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There Is A Field

It was the 13th century Persian poet, Jellaludin Rumi, that wrote so beautifully of fields. Of expanded minds. Of oneness. Of the less visible that is “field” that is often beyond words.

“Out beyond ideas of wrongdoing and rightdoing,
there is a field. I’ll meet you there.
When the soul lies down in that grass,
the world is too full to talk about.
Ideas, language, even the phrase “each other”
doesn’t make any sense.
The breeze at dawn has secrets to tell you.
Don’t go back to sleep.
You must ask for what you really want.
Don’t go back to sleep.
People are going back and forth across the doorsill
where the two worlds touch.
The door is round and open.
Don’t go back to sleep.”

Yesterday I returned from the field above, at the Aldermarsh Retreat Center. Out beyond Maxwelton Road in the Maxwelton Valley, in traditional lands of the Snohomish, Suquamish, Swinomish, and the Lower Skagit, over the wood-chip paths, through the marsh of Alder, there is a field, in which Marsh House exists. I love this little gathering spot. Bunnies hop out there. Coyotes howl at night. There is room to amble. There is space to be held. And this little building holds us in circles. On chairs. On cushions. On back-jacks. With a candle in the middle and some questions to guide us.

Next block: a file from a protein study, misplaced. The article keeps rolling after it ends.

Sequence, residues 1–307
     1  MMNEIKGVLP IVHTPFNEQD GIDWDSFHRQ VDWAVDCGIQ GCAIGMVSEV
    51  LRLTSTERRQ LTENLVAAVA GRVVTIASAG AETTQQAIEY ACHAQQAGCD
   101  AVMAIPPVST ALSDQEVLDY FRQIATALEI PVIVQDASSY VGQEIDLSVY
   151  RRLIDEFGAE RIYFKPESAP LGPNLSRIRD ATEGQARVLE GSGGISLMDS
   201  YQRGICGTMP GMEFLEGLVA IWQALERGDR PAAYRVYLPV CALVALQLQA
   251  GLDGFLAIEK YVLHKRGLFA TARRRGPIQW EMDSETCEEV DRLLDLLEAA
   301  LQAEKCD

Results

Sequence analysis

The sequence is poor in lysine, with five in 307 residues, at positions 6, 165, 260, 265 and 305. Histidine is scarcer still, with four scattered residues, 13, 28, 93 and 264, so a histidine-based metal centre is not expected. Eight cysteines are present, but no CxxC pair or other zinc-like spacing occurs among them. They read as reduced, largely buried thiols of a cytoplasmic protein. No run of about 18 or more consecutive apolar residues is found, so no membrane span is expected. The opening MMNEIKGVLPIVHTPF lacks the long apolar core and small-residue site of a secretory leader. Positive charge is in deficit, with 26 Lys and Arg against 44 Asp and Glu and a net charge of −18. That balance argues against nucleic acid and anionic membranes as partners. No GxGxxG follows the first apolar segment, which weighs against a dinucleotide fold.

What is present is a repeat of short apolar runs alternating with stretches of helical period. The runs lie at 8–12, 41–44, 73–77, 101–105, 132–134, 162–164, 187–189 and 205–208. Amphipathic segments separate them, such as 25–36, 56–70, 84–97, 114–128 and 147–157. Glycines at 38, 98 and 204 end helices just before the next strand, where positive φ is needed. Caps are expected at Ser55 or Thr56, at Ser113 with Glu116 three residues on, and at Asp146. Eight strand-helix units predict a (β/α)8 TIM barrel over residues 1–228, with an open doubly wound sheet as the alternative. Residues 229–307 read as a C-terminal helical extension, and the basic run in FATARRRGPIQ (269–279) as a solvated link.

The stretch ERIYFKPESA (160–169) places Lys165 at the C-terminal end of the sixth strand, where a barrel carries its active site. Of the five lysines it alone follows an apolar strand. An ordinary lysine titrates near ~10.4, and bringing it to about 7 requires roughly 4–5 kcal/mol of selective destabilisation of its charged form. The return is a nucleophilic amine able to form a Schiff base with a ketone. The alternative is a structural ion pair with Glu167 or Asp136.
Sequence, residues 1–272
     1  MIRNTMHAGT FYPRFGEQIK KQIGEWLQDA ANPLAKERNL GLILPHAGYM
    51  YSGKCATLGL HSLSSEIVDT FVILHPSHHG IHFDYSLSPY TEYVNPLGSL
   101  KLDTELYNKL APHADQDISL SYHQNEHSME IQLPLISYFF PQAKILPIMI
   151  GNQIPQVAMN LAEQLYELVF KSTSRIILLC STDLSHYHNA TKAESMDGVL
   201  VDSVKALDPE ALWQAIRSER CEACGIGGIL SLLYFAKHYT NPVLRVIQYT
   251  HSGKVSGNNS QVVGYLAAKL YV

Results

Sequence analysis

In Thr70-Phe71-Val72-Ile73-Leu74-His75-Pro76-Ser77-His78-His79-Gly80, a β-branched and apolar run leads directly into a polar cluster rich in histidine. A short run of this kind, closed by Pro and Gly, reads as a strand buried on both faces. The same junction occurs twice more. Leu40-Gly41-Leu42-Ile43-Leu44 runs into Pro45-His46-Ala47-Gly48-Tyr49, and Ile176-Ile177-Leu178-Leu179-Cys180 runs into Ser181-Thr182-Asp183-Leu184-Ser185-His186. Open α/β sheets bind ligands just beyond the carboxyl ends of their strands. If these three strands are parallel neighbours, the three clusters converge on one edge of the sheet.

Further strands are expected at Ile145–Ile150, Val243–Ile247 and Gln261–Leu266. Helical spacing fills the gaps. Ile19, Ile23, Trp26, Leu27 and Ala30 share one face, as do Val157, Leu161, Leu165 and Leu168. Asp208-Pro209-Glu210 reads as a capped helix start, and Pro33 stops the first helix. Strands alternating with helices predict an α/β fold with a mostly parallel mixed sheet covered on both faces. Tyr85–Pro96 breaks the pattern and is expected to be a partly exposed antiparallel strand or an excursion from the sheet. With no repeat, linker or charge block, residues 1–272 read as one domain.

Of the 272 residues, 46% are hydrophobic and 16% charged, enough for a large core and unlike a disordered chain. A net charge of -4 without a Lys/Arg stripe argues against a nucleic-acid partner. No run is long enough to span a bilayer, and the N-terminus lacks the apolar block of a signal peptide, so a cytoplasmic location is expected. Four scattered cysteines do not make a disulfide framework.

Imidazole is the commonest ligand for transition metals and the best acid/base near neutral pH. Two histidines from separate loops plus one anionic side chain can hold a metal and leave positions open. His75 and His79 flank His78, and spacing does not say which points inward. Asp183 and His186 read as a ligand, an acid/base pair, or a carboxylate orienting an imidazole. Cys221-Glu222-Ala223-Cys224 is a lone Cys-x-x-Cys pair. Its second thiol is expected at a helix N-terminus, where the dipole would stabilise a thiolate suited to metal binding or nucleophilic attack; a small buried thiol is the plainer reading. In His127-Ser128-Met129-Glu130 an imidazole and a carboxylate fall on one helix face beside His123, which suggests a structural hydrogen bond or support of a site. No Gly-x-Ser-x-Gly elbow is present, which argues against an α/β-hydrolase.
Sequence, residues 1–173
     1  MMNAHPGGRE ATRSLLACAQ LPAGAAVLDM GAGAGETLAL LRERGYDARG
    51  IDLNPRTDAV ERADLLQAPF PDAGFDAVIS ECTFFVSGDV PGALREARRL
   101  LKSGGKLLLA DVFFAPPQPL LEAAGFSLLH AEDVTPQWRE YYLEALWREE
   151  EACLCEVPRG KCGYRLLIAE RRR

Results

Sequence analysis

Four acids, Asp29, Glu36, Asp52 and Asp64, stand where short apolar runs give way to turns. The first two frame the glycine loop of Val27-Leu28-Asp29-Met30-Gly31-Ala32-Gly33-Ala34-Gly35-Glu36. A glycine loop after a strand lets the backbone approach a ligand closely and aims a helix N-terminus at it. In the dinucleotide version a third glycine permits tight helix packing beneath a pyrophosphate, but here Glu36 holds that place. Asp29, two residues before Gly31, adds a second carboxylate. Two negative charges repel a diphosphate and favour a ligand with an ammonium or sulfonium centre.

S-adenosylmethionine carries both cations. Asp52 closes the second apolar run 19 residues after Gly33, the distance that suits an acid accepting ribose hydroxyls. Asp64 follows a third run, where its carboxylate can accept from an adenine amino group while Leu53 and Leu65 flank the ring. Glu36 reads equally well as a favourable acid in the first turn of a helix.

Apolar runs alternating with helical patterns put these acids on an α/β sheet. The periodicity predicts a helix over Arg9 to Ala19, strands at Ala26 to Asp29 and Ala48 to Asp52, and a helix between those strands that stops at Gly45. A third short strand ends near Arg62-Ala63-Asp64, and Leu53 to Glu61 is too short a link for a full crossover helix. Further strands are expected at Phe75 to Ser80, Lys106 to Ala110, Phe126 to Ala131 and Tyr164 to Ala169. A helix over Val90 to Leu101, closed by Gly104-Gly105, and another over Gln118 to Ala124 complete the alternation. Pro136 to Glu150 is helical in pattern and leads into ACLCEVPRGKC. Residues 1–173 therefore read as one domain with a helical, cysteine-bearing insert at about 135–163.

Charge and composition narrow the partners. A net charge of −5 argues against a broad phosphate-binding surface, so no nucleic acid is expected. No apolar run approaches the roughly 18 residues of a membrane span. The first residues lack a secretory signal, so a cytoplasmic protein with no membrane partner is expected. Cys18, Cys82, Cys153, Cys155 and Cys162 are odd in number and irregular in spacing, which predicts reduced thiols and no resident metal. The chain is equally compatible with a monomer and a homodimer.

It’s been 20 years now that I’ve been going to Aldermarsh both to convene groups and participate. It’s the retreat center in which, looking back, I’ve done so much of my life learning from my mid 30s to mid 50s. And that learning was refreshed a bunch this last week for The Circle Way Practicum.

There is a point at which we are no longer circling, we are no longer doing the circling. But rather, we are being circled, we are participating in something much larger and energized by a deliberate and sustained encounter with one another. It does feel like the space beyond right-doing and wrong-doing.

I’m grateful.

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